Doug Fleener's

The Day Makes the Year


The SEO of an In-Store Experience

Mar 14, 2024

Search Engine Optimization (SEO) is the linchpin of success in the digital world. It draws visitors through a website's virtual doors by enhancing its visibility and engagement in search engine results.

In contrast, websites with suboptimal SEO strategies rely on extensive advertising efforts to attract visitors. This dependency increases marketing costs and lacks the sustainability and organic growth potential that a robust SEO strategy provides.

While my expertise is in retail and not web design, the principles of SEO offer valuable lessons for creating unparalleled in-store experiences.

A store's SEO experience has three elements. I use this model in experience design, retail consulting, and benchmarking a retailer's in-store experience.

  1. Speed
  2. Engagement
  3. Outcome

You can also use this model to define and elevate your store experience and sales. Let's briefly look at each element.

Speed. While we often think of speed as fast, that may or may not be the desired experience for a customer. Speed is defined as the rate at which an object covers distance. In retail, it is the rate at which a customer goes through the experience.

Here's the most important thing to know: The speed of the experience should meet the customer's needs and expectations, not the retailers'.

A retailer once told me they expected their employees to keep customers in the store for at least five minutes or more. I suggested they lock the door after a customer comes in to be wildly successful. Not.

If a customer is in a hurry, we're in a hurry. If a customer is taking their time, we take our time.

It's essential your staff know how to identify the right speed for a customer and shape the experience to meet the customer's expectations.

Engagement. A well-defined and executed engagement creates meaningful and interactive experiences that capture the customer's interest, build an emotional connection, and encourage active participation with the employees and products.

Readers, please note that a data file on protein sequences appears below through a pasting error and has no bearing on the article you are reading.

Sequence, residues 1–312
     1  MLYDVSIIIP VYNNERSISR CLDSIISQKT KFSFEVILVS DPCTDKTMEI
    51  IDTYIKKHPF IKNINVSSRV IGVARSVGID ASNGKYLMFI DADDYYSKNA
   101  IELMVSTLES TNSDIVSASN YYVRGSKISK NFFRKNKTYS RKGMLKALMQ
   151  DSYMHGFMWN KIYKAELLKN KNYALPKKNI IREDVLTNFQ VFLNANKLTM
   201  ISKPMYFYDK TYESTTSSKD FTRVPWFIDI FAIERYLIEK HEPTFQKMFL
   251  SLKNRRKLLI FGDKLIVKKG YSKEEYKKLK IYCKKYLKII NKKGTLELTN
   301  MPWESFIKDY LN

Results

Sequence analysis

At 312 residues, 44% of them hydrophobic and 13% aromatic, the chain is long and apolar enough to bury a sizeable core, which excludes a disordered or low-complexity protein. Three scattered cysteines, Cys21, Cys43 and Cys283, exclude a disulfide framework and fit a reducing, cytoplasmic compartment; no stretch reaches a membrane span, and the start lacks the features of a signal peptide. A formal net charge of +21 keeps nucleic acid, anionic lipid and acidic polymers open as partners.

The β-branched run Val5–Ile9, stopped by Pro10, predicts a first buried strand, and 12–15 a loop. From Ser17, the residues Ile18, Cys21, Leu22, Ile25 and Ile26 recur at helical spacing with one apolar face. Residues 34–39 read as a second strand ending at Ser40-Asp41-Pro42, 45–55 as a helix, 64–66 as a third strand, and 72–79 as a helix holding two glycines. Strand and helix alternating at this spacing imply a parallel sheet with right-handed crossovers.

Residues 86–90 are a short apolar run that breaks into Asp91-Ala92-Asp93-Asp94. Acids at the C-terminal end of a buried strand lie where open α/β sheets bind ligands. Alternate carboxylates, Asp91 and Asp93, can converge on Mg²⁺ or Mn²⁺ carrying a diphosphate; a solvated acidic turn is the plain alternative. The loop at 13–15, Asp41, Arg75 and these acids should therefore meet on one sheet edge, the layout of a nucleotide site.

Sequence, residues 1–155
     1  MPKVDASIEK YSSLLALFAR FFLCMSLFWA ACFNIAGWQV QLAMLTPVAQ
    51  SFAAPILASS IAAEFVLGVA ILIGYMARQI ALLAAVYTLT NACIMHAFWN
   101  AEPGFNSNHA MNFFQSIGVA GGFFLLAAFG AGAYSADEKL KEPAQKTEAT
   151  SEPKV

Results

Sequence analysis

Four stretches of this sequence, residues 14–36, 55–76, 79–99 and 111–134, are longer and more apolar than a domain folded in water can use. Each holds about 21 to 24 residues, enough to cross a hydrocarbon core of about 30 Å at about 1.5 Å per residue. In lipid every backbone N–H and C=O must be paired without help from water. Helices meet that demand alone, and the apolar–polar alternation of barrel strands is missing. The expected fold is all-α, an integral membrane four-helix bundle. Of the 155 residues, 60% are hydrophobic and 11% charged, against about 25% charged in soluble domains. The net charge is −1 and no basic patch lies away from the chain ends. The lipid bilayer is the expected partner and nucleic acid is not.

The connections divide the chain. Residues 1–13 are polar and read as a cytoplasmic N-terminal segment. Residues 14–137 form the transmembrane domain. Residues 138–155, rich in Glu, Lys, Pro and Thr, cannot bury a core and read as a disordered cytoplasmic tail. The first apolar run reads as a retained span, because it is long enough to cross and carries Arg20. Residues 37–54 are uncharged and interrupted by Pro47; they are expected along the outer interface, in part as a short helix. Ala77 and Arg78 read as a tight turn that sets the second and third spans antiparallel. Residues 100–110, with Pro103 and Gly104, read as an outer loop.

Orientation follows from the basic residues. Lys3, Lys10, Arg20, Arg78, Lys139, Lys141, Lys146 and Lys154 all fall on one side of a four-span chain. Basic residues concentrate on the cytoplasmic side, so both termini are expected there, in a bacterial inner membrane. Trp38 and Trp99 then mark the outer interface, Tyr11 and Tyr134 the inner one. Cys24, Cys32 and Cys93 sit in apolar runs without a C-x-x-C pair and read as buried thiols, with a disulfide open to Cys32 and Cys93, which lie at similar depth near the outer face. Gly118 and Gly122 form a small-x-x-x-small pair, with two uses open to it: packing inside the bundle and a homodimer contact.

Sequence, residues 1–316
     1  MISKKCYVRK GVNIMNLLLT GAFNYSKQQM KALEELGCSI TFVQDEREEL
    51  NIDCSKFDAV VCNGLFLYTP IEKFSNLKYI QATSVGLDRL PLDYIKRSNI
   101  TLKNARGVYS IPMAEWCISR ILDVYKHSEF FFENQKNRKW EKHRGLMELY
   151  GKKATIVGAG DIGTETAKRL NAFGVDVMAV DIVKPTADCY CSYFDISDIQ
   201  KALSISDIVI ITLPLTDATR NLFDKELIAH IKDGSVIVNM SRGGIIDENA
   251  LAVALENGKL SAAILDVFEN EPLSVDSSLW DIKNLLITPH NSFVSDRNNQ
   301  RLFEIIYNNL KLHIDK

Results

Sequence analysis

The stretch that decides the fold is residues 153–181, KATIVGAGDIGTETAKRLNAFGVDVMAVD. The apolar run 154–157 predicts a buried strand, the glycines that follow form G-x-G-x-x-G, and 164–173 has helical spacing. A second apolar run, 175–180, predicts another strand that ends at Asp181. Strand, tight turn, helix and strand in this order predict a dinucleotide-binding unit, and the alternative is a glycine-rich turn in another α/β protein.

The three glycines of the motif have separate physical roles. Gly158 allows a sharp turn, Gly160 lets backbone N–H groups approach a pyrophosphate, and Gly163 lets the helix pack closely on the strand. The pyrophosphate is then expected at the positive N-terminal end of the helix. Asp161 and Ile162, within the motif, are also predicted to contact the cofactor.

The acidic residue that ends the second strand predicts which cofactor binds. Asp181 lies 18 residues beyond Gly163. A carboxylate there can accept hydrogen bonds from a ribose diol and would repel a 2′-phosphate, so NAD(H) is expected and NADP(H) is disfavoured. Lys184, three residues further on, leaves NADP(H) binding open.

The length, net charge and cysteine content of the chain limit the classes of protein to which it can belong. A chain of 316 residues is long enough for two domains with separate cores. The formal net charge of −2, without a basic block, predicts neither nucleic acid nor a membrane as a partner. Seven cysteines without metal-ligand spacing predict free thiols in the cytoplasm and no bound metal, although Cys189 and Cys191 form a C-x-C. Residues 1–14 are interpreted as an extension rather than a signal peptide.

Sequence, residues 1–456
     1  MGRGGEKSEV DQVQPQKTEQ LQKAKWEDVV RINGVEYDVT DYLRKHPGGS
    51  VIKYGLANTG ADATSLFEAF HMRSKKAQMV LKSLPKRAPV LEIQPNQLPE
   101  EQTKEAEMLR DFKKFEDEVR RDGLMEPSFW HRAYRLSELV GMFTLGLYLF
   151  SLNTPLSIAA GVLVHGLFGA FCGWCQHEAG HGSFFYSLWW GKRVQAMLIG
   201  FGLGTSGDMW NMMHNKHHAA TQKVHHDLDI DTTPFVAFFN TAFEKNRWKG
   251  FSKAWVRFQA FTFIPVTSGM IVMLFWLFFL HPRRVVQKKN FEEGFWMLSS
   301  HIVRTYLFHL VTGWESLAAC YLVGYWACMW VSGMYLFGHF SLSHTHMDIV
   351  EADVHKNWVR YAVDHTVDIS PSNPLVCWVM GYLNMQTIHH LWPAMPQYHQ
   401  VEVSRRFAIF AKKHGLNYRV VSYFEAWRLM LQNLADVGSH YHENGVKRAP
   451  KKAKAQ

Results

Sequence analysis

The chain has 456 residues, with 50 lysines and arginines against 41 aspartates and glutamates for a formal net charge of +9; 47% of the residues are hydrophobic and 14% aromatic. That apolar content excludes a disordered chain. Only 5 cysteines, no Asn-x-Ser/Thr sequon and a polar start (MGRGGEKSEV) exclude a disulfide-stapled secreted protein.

Engagement encompasses all aspects of the in-store environment—from store layout and visual merchandising—to music and signage—but the most vital and differentiating element in specialty retail is the interaction with the staff.

For this reason, all elements of the specialty store need to be holistic to build successful customer engagement with the staff and products.

In my most recent work, I've focused on reducing the complexity and expectations of the staff around customer engagement and more on consistency and critical elements that lead to better outcomes.

Outcome. As I mentioned a few weeks ago, I love the line, "The only thing my bank takes is money." The customer purchase is the number one outcome of a successful in-store experience.

Of course, there are more outcomes than the most important one: sales. For the customer, it means they leave the store happier than when they came in. Something that should always be an employee's goal.

The other day, I posted a saying/sign in my Retail Leadership & Performance Accelerator Facebook group that read:

If what we sell brings customers happiness, shouldn't we be trying to help them buy even more? Let's make people really happy today! (Join the group here)

Another vital outcome beyond sales and a happy customer is the customer's contact information. Like website SEO, which keeps a website at the top of the search results, contact information enables retailers to keep the customer engaged and coming back.

By rethinking your store's SEO—Speed, Engagement, Outcome—you will enhance the shopping experience, build a loyal customer base ready to return repeatedly and increase revenue and profits.

So, let me ask three questions:

  1.  Do you think snails have a concept of speed, or is everything just a slow-motion thrill ride? (This reminds me of an employee the rest of the team named him Snail. He was not a thrill ride!)
  2. If your store's engagement were a meal, would your customers feel like they had a feast or a snack, or would they leave hungry?
  3. How is your in-store experience SEO? What's the one thing you can improve today?

Reach out if you’d like to discuss how I can elevate your retail SEO and results.